You can eat sushi with your fingers, but you should use chopsticks when eating sashimi. When you're dipping sushi into soy sauce, make sure you only dip the fish in, not the rice, as it will likely become soaked with too much of the liquid. When adding wasabi, only add it to the top of the fish, and don't mix it with your soy sauce. Note that wasabi is added to nigiri sushi under the fish. The ginger is usually eaten between sushi bites: Don't add it to your fish or rice or dip it in other condiments.

Stack your plates when they're empty

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Counter space at sushi restaurants can be quite cramped. Andeven if you're at a restaurant that offers tables for groups you'll soon see the plates mount up. Don't expect them to be taken away by a server either, as they're a tally of what's been consumed. For this reason, it's important to stack the plates once you have eaten.

You might grab plates from the track, but that doesn't mean you put empty ones back on there. It's also not okay to bypass plates and simply grab some sushi directly off the belt with your chopsticks. Empty plates should not be going around the sushi train. While the plates may be ornately displayed and have leftovers on them, they should still be easily stackable.Having a ridiculously high stack of plates next to you is part of the fun of really enjoying the sushi train experience.

Order sushi if you don't see if on the belt

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Once you've got to grips with grabbing dishes off the belt, eating sushi in the right way, and stacking your plates, you probably think that's all there is to know, but that's not quite true. Ordering sushi and not just relying on thesushi train will really elevate your experience, especially since the train has a lot of dishes, and you might keepmissing the one you have your eye on because it seems to disappear before it gets to you. It's also a good idea to order sushi that's not on the belt.

Check out any boards or notices telling you about any specials of the day and find out which types of sushi are available to order off the menu. The sushi chef is going to be making a fairly wide selection of sushi, but don't feel shy about asking for a dish if you don't see it. The restaurant will be busy and quiet at different times, and if there's less of a demand for the kind of sushi you want, make sure the chef knows that you'd like to order a specific kind of sushi.If you do order sushi from the chef then it might come down the belt on its own carriage to identify it as an order.

Hot food should be ordered fresh

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You might see dishes like shrimp tempura or karrage moving along the belt at a kaizen-sushi place. If you grab one as soon as it's made, then it's all well and good. However, if you've got the time and patience perhaps, then you might want to order any hot or cooked dishes fresh; that way, you get them at their best. Nobody likes soggy batter.

You'll no doubt find that there are a number of hot dishes that aren't added to the sushi belt. Most of the dishes on the conveyor belt are sushi plates with sashimi and the odd extra dish. Some diners want to focus on justwhat they can grab as it's passing by; however, it's a good idea to at leastlook at the menu, and if you have time and enough of an appetite, then you can order a couple of hot dishes so that you're making a real feast out of it. If you want to stick to fish, then grilled fish might be a good choice.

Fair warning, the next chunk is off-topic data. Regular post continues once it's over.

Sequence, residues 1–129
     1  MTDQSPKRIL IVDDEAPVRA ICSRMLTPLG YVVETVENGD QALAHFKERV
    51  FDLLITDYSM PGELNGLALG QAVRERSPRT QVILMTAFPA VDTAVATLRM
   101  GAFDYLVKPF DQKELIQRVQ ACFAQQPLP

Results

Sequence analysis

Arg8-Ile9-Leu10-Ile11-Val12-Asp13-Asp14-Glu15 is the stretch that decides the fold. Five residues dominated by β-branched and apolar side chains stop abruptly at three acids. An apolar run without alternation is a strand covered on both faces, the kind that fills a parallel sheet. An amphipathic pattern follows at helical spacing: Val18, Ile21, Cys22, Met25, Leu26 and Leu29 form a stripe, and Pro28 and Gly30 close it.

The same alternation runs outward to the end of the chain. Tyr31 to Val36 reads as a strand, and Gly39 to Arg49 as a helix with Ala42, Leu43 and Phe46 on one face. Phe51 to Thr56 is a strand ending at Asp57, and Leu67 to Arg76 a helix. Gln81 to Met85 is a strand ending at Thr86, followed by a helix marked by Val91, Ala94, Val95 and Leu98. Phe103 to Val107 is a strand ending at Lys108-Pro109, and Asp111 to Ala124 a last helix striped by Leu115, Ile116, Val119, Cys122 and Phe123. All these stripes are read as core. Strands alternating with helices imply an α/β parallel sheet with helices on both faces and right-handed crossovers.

Leave room for dessert

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Desert isn't as big a deal in a sushi conveyor belt restaurant as it might be in other styles of eateries. However, if you've got a sweet tooth or just want to cleanse your palate and your taste buds after lots of fatty sushi and sashimi, then leave room for a final course. You should see some fruit and dessert plates making headway around the belt. And by the time you get to this stage, you should know that the track is probably moving in a clockwise direction.

This line-up isn't all that's on offer. Remember, the focus is on sushi. Check out the menu, and you might see desserts such as green tea or matcha ice cream, which is super popular in Japan. Another Japanese sweet is mochi which is a sticky rice bite that's sometimes filled with red bean paste. There are a lot of interesting desserts to try, and there are just as unique and delicious as the savory dishes.

Keep track of the cost

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It's easy to get carried away with conveyor belt sushi restaurants and end up eating a lot and spending a lot too. Whileconveyor belt sushi restaurants are more affordable than a lot of different sushi restaurants,lots of small plates can soon stack up quickly, quite literally.A good way to control your sushi spending is to set a budget before you go and make sure you're aware of the prices of different plates, which can vary wildly. Since these restaurants are ideal for a sharing experience, it's important to ensure that your diningbuddy is on the same page regarding the budget.

If you order off of the menu, then be aware that certain dishes aren't on the belt because they're high-end choices. If you love fatty toro tuna(and few sushi-lovers could blame you), then you're likely not going for the lower-priced plates. A handy tip is to stack your plates according to colors and, therefore, prices, so you can easily add up how much you've spent before you reach for that last plate of salmon sashimi.

The Ultimate Guide To Eating At A Conveyor Belt Sushi Restaurant - Mashed (2024)